[gardeners] New GM plant development

Terry King (gardeners@globalgarden.com)
Sat, 4 Aug 2001 10:10:41 -0700

Yesterday I heard a very interesting interview of a Cell Biologist working
at UC Davis.  He has developed genetically modified tomatoes and canola that
will grow and thrive in saline conditions.  At first I thought Oh No, not
another one but this one makes wonderful sense.  Evidently tomatoes and some
other plants naturally have genes for a protein that allows for adaptation
to saline conditions.  For over one hundred years breeders have been trying,
unsuccessfully, to breed salt tolerant domestic crops.  What this guy did
was modify the tomatoes with the same protein that tomatoes can produce but
don't.  He took the protein from a salt tolerant mustard.  What the protein
does is tell the plants cells to store the salt in the cells vacules.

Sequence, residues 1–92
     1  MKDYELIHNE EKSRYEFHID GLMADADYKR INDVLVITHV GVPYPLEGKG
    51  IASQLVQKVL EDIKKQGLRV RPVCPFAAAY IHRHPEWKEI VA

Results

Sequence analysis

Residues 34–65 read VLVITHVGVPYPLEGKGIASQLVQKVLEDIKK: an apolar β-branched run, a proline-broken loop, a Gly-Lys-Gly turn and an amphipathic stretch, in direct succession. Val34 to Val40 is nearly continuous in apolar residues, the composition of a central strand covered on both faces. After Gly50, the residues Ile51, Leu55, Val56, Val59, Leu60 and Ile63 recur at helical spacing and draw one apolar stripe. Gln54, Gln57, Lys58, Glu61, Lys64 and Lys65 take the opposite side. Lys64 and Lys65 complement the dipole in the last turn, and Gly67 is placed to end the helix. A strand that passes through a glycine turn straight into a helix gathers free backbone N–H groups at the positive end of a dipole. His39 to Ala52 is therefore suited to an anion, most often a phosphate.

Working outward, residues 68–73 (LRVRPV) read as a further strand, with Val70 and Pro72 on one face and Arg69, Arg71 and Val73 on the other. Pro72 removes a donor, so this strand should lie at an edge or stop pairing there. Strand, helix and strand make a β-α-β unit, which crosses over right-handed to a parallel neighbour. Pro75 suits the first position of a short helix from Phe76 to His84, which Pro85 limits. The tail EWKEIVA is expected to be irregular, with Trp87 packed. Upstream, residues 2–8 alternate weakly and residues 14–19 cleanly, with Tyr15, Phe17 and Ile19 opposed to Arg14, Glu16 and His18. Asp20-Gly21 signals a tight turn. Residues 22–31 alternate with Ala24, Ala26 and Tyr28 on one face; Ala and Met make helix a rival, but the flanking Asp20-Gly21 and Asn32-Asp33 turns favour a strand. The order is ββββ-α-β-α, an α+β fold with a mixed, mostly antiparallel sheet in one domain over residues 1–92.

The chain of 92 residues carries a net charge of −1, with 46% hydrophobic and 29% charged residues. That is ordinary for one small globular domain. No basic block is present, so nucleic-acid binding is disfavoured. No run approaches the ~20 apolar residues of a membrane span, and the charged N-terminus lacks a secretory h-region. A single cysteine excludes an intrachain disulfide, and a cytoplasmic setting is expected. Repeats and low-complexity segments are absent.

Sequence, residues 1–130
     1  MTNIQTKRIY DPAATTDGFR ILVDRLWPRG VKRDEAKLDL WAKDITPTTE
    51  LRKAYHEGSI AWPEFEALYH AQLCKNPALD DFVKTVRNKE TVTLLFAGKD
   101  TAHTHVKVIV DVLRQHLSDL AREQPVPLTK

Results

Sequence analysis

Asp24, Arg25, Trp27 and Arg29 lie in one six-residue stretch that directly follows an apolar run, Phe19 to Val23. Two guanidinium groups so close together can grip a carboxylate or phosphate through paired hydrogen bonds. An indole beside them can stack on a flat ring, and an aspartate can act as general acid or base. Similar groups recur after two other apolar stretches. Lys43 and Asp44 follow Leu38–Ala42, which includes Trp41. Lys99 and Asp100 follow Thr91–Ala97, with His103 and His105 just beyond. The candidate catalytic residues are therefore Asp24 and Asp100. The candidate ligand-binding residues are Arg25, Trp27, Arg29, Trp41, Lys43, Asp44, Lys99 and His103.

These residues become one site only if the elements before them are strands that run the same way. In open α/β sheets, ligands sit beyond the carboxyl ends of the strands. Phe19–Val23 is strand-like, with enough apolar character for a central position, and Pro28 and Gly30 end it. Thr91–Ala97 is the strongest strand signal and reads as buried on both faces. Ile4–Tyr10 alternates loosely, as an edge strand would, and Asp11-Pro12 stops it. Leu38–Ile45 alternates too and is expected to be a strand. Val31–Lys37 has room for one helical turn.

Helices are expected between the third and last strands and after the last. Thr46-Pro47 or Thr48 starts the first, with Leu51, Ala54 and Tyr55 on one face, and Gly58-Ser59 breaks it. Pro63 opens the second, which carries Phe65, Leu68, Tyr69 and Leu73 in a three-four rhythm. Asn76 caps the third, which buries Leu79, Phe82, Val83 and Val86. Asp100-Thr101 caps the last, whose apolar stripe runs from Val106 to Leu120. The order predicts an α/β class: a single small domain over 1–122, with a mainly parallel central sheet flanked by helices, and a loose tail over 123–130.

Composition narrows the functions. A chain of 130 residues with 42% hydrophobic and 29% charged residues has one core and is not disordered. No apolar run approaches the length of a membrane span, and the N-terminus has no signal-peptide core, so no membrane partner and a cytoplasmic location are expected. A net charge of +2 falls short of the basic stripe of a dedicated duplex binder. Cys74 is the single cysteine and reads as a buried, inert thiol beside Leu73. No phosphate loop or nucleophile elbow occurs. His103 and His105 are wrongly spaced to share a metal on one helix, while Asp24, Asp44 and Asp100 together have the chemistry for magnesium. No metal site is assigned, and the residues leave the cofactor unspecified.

Evidently the fruit does not contain extra salt, has the same sugar and
protein content of ordinary tomatoes.  The plants will also grow in
non-saline soil/water.

What this breakthrough means, when it becomes commercially available, is
that all the thousand of acres of farm land that have become unavailable
because of salt buildup in the soils, can be put back into production.  Arid
areas that have limited freshwater can even water the crops with 40%
seawater.  The plants will also desalinize the soil after a time.

I haven't seen a down side to this genetic modification.

E. WA.